I don't do ghost writers

Jul 31 2014 Published by under [Education&Careers]

Like any of us, I get a lot of request to review manuscripts from different journals. It tends to come in waves where I might go a month without, then have 4 requests hit my desk all at once. I would say that I turn down roughly a third of the requests I get, either because I am too busy with other things or because I already have a few sitting on my desk. Fair or not, I tend to decline smaller journals more often, usually because the science is less compelling to me.

But rather than just decline, I almost always send an email to the AE and suggest that they send the review request to one of my trainees. I tell the AE that I will assist my lab member with the review, but I don't have time to spearhead it myself.

People have asked me why I do this rather than just accepting and having one of my people handle the review. It's true that usually the AE does not end up sending the review to a student or postdoc. But sometimes they do. And when they do, the student or postdoc gets to handle the correspondence. They get in the journal's system as a reviewer. They get their name in the head of an AE who might see their good work and remember them next time they handle a paper on the topic. They get direct recognition.

I am not a PI who like to put my name on things my people do. I want them as first authors. I want my postdocs as PIs on grant applications. I want their name out there in the position that reflects their effort and I don't understand the motivation for making them ghost writers.

13 responses so far

  • Jim Woodgett says:


    Credit where credit is due. As long as you view the trainees reviewing as part of your mentoring responsibility (not a dump), everyone wins, particularly the trainee. Builds confidence, trust and responsibility.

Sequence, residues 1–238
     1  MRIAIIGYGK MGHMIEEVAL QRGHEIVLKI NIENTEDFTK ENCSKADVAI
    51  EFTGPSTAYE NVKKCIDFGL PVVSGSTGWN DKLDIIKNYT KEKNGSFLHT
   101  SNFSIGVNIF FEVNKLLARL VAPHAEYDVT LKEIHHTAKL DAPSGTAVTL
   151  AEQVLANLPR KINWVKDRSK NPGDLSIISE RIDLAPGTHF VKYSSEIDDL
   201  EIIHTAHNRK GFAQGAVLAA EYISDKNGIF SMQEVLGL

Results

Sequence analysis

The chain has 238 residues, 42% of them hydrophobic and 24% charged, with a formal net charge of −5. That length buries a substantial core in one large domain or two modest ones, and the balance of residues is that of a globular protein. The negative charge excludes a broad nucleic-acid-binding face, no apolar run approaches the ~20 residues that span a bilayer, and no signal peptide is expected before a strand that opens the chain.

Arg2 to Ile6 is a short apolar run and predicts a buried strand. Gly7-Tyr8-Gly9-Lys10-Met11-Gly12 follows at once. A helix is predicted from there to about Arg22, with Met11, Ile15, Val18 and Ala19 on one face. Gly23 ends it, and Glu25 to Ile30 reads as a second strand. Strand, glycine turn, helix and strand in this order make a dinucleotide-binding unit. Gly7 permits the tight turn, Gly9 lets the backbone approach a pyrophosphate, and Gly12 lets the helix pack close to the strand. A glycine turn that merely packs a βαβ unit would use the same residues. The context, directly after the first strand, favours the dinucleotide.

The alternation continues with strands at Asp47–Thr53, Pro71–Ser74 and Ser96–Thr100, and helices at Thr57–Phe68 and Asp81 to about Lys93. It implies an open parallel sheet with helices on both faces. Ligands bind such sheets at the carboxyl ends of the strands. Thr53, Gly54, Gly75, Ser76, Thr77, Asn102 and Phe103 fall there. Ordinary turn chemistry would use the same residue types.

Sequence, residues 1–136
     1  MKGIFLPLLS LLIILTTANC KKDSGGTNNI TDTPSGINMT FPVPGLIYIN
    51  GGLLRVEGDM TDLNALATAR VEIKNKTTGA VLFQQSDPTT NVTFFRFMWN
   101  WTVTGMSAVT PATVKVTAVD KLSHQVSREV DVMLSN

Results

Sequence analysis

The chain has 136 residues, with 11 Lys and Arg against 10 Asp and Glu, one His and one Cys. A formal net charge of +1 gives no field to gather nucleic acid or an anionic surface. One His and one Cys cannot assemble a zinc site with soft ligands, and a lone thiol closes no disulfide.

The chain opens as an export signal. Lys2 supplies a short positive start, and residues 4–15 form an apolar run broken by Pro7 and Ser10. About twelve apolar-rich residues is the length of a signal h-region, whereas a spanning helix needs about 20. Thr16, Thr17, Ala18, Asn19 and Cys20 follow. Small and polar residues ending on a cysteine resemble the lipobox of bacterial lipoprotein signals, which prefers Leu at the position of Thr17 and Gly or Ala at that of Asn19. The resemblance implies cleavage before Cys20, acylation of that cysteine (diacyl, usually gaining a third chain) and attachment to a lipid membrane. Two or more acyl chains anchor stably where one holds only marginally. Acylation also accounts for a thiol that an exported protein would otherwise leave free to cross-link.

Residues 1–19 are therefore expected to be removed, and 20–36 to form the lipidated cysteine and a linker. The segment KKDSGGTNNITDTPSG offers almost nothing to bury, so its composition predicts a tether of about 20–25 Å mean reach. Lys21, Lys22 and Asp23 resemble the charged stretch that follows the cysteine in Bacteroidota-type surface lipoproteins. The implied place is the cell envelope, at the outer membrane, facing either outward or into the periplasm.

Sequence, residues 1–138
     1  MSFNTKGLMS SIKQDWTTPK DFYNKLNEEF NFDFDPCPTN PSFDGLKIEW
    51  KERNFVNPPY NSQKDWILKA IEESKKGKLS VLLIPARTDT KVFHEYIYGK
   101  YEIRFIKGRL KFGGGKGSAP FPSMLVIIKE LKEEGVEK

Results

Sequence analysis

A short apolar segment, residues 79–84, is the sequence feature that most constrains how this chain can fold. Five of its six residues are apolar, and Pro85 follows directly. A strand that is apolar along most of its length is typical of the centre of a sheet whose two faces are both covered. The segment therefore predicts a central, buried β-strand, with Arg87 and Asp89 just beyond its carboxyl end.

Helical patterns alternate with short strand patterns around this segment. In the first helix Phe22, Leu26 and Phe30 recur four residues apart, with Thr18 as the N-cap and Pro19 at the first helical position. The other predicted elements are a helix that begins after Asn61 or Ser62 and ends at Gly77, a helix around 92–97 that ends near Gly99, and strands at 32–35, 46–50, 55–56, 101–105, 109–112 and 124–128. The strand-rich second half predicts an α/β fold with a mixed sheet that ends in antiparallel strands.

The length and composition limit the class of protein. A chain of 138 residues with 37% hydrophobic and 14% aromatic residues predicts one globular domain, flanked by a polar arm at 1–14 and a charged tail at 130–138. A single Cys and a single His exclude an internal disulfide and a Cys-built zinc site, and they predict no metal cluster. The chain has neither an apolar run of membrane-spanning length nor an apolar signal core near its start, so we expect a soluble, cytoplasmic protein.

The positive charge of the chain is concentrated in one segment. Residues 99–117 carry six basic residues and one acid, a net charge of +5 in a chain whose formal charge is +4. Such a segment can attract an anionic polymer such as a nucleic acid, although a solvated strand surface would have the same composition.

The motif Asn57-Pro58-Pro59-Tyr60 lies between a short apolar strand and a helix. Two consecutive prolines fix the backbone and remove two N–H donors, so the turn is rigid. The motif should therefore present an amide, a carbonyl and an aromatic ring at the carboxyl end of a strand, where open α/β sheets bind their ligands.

• NatC says:

    Some of the journals in my field have a space to write in if someone else assisted in the review, their contact details, and their contribution. I like that for grad students, early postdocs. It means that there is an official way to include people in the process, give them credit instead of ghostwriting, and still allow for some guidance/oversight where necessary.

  • dr24hours says:

    I only heard of this recently and I am shocked that anyone thinks it's ok to have anyone other than the requested reviewer write a review. If I can do it, I do it. It would never occur to me to have someone do it for me, full stop. When I turn down a review, if I can I suggest someone.

    I've never been in the position to have students capable of doing one, but even if I were, I wouldn't ask the AE to let me have them do the review under my supervision. I'd just say, "Here's a person who could do it. I can't."

  • dr24hours says:

    Now, what NatC describes, where there's an official process, I certainly have no objection. But just having someone write my review because I'm too busy? No way.

  • proflikesubstance says:

    NatC, I've never seen that in my field, but I think it would be a nice addition. However, I think "assisted" and "did it but I glanced at it" are two different things and I wonder if people would take as acceptance on the latter.

    It is fairly common practice to have people in the lab do reviews and for the PI to sign them. Certainly not the norm, but it happens.

  • Jim Woodgett says:

    @dr24hours - there is a lot of unofficial/unattributed reviewing going on, especially in bigger labs. That's bad for all sorts of reasons, especially if the invitee has no input at all but "signs" the review. Suggestions made to the journal editor for alternatives help everyone.